Reflecting real-world patients with mesothelioma in research: an interim report of baseline characteristics from the ASSESS-meso cohort

ERJ Open Research 2023 December 27 [Link]

Ruairi J H Conway, Natalie Smith, William Cooper, Geraldine Lynch, Sonia Patole, Jenny Symonds, Anthony Edey, Nick A Maskell, Anna C Bibby


Objective: Mesothelioma varies in clinical phenotype and survival. Clinical trials are unavoidably affected by selection bias, reducing generalisability. ASSESS-meso is a UK, multicentre, prospective, mesothelioma cohort study (ISRCTN61861764). This pre-specified interim analysis, conducted when recruitment reached 25% of target, summarised participant characteristics and evaluated external validity through comparison with real-world and clinical trial cohorts.

Methods: The study took place at 14 hospitals across the UK. People diagnosed with mesothelioma, at any anatomical site, were eligible. Clinical, radiological and biochemical data were collected at enrolment. In this interim report, the external validity of the cohort was investigated through comparison of baseline demographic data with populations included in the 2020 UK National Mesothelioma Audit (real-world cohort), and CHECKMATE-743 and MAPS trials (clinical trial cohorts).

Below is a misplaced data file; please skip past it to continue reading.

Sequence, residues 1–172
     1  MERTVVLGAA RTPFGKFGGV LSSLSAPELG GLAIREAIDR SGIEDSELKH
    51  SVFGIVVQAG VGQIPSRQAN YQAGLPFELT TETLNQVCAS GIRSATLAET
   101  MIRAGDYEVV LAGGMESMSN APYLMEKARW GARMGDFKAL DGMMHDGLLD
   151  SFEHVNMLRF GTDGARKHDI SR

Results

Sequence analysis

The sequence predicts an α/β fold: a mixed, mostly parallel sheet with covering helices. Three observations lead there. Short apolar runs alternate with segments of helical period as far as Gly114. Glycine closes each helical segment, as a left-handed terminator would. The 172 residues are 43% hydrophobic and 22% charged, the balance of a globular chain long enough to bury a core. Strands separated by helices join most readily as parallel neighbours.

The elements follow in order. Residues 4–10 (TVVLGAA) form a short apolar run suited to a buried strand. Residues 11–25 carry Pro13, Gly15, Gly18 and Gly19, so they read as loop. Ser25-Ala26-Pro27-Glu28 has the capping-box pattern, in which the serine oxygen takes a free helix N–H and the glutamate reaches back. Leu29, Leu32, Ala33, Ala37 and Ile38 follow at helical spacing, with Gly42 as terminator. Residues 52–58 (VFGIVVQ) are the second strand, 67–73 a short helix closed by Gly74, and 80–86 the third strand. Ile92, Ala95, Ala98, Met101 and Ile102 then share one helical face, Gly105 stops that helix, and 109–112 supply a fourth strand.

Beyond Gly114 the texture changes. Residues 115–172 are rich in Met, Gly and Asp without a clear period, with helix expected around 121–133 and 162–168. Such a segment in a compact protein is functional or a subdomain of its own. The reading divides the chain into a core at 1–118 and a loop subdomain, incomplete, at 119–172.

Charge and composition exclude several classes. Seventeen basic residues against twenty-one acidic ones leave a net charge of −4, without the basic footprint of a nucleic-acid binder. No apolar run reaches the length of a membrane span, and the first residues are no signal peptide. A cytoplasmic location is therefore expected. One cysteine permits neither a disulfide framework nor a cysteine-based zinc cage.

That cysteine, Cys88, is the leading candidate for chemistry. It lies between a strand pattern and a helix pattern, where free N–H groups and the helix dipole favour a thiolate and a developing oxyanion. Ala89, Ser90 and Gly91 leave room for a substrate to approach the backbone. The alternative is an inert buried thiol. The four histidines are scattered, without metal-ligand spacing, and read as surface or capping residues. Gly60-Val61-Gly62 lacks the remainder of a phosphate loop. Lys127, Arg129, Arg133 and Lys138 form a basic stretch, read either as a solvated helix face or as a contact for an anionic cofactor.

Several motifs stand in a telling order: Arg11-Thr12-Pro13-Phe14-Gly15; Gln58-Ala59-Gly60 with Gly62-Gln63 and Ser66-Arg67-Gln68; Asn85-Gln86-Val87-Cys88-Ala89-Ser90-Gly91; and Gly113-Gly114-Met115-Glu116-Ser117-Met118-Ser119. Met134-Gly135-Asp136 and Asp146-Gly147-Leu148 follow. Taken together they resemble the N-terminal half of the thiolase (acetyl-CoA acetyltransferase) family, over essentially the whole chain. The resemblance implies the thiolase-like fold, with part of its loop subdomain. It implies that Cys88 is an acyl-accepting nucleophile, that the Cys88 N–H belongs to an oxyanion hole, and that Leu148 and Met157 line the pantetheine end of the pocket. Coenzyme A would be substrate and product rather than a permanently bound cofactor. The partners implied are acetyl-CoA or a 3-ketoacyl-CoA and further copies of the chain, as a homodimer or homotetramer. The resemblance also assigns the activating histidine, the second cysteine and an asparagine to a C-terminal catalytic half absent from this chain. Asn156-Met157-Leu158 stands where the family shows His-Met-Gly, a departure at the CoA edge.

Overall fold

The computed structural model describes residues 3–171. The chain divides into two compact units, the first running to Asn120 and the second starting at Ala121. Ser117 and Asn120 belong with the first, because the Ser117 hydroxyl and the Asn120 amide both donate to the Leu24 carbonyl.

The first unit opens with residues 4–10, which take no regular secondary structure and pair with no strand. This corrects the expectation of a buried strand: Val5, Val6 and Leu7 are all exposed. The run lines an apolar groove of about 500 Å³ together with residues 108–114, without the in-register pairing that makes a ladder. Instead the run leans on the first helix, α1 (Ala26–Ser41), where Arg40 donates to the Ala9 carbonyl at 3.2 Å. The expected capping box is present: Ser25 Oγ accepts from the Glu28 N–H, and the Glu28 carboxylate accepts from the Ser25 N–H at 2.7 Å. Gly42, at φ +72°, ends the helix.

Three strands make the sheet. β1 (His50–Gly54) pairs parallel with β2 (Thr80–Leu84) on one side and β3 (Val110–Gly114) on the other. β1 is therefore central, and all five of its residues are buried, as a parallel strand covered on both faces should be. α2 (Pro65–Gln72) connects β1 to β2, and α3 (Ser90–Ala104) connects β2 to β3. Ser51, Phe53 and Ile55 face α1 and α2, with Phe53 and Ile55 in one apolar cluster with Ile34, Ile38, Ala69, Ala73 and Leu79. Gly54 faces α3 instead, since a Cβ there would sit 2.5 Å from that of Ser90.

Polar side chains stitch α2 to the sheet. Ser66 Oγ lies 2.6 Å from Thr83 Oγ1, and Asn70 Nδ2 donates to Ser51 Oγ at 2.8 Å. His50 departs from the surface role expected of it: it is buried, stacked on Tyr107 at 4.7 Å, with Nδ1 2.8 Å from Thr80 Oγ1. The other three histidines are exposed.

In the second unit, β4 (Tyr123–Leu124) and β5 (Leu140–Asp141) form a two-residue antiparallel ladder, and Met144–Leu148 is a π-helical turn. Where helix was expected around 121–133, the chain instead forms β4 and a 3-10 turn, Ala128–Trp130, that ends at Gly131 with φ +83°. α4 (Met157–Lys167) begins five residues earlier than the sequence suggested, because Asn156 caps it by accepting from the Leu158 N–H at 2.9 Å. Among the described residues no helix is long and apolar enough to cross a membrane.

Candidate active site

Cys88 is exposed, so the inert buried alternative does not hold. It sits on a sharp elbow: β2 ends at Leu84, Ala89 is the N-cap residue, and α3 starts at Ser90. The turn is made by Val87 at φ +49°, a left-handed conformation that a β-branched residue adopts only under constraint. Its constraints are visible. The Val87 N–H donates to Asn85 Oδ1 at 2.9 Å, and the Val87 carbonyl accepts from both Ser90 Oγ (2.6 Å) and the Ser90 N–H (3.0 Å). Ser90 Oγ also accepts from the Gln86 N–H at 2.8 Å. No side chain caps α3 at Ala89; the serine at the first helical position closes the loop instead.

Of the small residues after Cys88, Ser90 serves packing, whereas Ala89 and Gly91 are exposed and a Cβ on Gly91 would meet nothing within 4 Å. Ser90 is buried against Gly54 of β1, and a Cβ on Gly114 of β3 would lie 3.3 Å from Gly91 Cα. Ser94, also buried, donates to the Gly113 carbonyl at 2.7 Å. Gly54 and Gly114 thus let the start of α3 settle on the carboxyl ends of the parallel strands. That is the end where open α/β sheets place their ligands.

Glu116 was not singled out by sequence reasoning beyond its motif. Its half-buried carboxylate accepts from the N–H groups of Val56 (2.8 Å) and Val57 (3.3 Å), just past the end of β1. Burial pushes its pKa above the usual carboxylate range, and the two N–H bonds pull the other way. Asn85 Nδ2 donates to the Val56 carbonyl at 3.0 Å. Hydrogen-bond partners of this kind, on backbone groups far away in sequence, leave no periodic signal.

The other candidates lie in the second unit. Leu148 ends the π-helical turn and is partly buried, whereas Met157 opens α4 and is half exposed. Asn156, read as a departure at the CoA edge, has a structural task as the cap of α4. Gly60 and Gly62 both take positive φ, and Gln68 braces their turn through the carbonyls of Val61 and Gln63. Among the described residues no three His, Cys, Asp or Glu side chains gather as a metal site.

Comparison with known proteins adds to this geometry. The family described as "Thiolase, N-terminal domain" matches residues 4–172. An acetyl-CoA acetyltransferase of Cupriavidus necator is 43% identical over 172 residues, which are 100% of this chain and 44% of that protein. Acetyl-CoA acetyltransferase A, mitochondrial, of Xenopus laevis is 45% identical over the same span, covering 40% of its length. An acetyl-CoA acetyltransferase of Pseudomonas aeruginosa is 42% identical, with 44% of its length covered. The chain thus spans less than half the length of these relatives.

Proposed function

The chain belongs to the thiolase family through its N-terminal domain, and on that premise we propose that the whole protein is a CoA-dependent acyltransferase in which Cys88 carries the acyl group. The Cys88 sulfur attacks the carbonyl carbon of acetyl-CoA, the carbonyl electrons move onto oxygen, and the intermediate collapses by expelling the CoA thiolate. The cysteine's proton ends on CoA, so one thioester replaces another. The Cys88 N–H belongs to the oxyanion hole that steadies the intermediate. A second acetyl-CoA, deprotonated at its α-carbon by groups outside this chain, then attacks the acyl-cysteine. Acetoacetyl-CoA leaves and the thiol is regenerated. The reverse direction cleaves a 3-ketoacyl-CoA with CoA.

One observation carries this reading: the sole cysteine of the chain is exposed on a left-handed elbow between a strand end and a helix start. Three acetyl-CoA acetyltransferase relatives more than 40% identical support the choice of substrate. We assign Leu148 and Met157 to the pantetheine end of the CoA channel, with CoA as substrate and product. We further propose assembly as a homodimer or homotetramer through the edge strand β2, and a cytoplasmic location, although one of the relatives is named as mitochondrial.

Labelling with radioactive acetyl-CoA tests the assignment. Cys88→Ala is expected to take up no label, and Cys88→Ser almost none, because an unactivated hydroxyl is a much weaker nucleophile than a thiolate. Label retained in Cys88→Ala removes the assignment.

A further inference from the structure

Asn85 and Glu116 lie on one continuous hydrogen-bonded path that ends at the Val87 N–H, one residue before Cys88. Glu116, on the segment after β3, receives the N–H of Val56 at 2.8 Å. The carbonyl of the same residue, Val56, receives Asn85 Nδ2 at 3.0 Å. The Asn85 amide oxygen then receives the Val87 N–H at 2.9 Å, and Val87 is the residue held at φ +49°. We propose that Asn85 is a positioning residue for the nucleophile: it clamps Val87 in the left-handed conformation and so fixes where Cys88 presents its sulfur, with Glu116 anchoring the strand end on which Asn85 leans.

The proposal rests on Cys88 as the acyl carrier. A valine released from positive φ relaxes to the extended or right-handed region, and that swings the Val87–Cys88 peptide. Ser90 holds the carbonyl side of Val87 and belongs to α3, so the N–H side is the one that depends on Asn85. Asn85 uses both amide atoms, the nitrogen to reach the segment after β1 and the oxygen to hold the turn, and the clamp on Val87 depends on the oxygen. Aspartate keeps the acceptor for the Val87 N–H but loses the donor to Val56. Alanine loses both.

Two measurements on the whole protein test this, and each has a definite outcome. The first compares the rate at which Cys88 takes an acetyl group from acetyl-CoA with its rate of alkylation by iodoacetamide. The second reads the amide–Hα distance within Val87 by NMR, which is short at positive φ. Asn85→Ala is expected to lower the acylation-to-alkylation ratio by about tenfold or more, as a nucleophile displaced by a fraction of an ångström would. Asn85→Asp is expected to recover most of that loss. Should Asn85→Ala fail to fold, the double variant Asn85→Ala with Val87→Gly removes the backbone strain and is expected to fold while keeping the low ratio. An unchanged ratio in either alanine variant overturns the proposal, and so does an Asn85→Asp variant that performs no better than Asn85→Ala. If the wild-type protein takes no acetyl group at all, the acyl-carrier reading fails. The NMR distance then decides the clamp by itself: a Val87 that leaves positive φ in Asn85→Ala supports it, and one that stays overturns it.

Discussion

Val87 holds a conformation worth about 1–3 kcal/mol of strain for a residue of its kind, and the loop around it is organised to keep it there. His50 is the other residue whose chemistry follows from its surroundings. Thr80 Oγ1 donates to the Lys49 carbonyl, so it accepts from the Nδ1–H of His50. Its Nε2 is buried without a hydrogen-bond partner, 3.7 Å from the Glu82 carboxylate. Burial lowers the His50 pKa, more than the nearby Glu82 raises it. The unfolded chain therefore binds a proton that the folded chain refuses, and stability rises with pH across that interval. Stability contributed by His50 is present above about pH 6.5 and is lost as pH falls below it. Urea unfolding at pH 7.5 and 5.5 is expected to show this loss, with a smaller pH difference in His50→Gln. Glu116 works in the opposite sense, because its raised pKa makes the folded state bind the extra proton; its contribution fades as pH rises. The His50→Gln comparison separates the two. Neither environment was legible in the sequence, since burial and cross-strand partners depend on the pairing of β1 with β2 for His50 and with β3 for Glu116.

Results: 244 patients were enrolled between 7 April 2017 and 1 March 2022. The cohort was predominantly male (195 out of 244; 80%) with a median age of 74 years. Pleural disease and epithelioid subtypes were most prevalent. ASSESS-meso participants were more similar to the real-world population with regard to age, performance status, disease site and stage than the clinical trial population. ASSESS-meso participants were more likely to be formally staged and less likely to have undifferentiated histology compared with the real-world cohort, possibly reflecting high rates of discussion of ASSESS-meso participants at regional mesothelioma multidisciplinary team meetings. As expected, poorer performance status, non-epithelioid histology and neutrophil-lymphocyte ratio were associated with shorter survival in the adjusted analysis.

Conclusion: ASSESS-meso is representative of the UK mesothelioma population. Future outputs from the cohort will help characterise different mesothelioma phenotypes with high external validity.